When I came back to Rome in 2013, it was quite a shock for me. Italy is my country, it’s true, but after living 8 years abroad, in London and New York, I had the vivid perception that something had changed in my approach to life. Viviana shares her story.
I am an architect with a passion for art, but like most mothers of my generation, when it came to choosing between a badly paid job and staying with my children, I found myself opting for the latter. Ok, I had my husband who supported the family but I will never know if, when he was posted abroad, I gave up my own career as a free choice or because in a way, I was forced to do that. You suddenly find yourself abroad, new country, new language and it’s difficult to find a job in a short time, and you have small children to take care of…. and it’s more rewarding to start being a full-time mother than going around trying to sell your too-short experience as an architect.
Anyway, to avoid wasting all the years I spent studying, and with the desire to know better the country where I lived at the moment, I tried to keep myself busy with painting and drawing courses and with volunteering in my children’s school and in museums.
I didn’t know that my life was going to change when on a morning of boredom I sent my CV to the Guggenheim Museum of New York. They were looking for “teaching assistants” for their program Learning Through Art. I found out later that this is one of the most prestigious programs in America, that aims to bring art to public schools, in order to give disadvantaged children the chance to experience something that the government doesn’t guarantee.
One of the most positive traits of American people is that they go straight to the goal: very practical and keen to start a relationship with strangers (unlike Italians who prefer a personal introduction or recommendation). I was a perfect stranger to the Guggenheim but apparently, my CV was interesting to them and I started my volunteer work in a school in the Bronx in September 2010. In only two years, thanks to the training as a museum educator at the Guggenheim, I found also a real job as an art teacher at the Center for Art Education. It was a beautiful experience to teach children who in some cases had never used a brush and paint in their life.
When I came back to Rome in 2013, it was quite a shock for me. Italy is my country, it’s true, but after living 8 years abroad, in London and New York, I had the vivid perception that something had changed in my approach to life. We all left New York with mixed feelings of joy for going back to our country and sadness to leave a city that had given so much to us. And yet, when we set our feet on Italian soil, we were not entirely Italian anymore.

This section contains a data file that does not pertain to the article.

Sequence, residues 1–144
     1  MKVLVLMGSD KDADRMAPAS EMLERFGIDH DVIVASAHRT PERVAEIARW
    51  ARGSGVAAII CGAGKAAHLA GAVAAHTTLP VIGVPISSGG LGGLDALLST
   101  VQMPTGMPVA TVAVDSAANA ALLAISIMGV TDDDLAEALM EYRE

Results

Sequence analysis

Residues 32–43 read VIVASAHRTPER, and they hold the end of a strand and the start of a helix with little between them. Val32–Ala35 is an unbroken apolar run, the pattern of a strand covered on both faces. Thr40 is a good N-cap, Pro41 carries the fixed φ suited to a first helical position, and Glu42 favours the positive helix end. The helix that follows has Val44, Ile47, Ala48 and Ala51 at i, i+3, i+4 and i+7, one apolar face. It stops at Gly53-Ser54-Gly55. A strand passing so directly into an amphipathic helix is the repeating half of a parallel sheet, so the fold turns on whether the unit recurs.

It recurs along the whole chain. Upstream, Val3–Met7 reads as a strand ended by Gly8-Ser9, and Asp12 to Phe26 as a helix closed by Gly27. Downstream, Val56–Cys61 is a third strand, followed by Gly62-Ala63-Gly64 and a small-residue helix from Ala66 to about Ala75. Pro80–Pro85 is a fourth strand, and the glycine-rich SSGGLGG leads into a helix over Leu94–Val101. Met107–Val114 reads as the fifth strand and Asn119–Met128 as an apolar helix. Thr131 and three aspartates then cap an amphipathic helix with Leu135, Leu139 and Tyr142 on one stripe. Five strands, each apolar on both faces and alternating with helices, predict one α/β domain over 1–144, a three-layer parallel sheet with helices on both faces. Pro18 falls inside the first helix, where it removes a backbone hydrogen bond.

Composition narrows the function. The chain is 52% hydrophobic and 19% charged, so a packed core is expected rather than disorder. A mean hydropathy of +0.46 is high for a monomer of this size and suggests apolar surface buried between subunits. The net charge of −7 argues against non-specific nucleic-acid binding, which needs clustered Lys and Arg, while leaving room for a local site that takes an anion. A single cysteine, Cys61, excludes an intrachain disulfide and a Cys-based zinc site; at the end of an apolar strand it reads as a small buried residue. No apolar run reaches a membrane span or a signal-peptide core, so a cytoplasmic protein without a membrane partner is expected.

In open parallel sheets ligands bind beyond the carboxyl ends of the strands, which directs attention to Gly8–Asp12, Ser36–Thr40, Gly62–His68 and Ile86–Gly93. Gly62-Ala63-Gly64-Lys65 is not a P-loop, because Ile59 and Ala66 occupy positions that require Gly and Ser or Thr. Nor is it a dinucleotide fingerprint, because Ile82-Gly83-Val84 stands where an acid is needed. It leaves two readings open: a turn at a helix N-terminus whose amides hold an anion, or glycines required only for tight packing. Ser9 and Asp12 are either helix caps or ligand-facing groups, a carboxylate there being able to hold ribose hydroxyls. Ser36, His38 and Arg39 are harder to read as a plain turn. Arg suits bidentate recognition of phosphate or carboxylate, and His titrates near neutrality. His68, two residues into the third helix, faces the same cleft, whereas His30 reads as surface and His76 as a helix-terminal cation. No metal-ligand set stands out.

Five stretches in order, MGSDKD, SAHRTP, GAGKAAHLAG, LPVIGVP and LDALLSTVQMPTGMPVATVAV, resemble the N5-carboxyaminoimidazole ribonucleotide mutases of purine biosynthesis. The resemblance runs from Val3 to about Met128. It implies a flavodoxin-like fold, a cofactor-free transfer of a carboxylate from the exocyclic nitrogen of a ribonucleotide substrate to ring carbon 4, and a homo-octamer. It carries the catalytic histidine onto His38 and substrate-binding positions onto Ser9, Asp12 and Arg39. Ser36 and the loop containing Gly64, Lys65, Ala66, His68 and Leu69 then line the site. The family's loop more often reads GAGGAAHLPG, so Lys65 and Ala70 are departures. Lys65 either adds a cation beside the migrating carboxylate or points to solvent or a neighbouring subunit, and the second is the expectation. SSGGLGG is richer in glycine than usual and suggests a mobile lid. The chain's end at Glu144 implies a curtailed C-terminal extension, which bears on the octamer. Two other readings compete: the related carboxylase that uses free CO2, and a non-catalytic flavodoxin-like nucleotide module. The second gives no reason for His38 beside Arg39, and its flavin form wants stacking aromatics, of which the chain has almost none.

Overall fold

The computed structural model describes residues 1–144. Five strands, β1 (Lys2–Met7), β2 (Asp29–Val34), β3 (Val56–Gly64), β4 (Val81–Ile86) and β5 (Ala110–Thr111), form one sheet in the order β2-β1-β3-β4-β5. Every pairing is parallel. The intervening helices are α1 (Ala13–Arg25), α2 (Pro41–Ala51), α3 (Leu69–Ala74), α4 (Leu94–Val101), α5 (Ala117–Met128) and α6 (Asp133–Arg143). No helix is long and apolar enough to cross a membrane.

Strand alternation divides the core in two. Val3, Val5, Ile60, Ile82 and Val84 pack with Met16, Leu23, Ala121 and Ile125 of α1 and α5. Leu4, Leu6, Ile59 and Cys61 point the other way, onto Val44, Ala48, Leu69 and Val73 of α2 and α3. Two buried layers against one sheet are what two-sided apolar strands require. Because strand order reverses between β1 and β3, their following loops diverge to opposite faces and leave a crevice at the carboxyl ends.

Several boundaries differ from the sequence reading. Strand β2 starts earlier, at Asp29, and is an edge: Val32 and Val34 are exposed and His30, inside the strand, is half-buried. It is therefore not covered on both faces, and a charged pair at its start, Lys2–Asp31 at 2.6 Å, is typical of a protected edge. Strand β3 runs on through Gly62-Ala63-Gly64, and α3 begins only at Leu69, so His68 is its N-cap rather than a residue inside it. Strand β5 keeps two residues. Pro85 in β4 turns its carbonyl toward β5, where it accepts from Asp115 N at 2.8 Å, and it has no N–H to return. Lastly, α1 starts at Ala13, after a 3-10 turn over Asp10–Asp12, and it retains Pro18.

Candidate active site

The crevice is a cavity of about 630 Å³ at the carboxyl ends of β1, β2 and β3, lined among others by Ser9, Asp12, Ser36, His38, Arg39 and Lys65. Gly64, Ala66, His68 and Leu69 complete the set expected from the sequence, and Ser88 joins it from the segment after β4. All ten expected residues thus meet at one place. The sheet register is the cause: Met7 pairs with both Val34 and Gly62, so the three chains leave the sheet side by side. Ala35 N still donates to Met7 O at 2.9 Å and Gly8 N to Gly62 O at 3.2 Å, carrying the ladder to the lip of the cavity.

My children, who were just 5 and 7 when we left, had become teenagers and they had lived their childhood in an Anglophone society going to British or American schools, but understood Italian cultural traditions and heritage from our family life.
For kids, you know, it takes just a snap of fingers to adapt to a new situation, and after 6 months in Rome they were perfectly at ease, exploiting all their advantages in being bilingual and in having experienced so much in their still short lives.
The problem was mine: once again in my life, I had to start from scratch to find my space as an individual. I couldn’t be only a wife and a mother, not in my country, not after all that I had learned working for the Guggenheim and the CAE.
Luckily Isadora, another mother abroad, came to save me from the frustration of not being able to find a gap through the complicated and bureaucratic Italian rules that you have to follow if you want to start working in schools or museums. We joined our forces and we decided to go ahead independently founding a non-profit association: ARTandSEEKforKIDS.
For both of us it is a real pleasure to work with children. Isadora, an art historian, was immediately keen on embracing the Guggenheim method of teaching through art. In only a couple of years, we moved from art workshops for international schools to museum programmes for children and recently to art workshops for refugees, these last ones in collaboration with the Keats Shelley House. Children are engaged with art in museums and in their school, discussing, exchanging ideas and having fun exploring many different themes.
We build up our programmes in a way that would not have been possible without our experiences in different countries. After so many times when I had been thinking that it was not fair for my career, to be forced to leave a country where I was thriving, I am now aware that each and every experience I had abroad has added to my learning and made it possible to “give birth” to a company that I and my associates consider our baby. Our key aim is to equip children with a love for art and museums and for art to be part of their lives because we strongly believe that living without art is like living just half of our possible lives.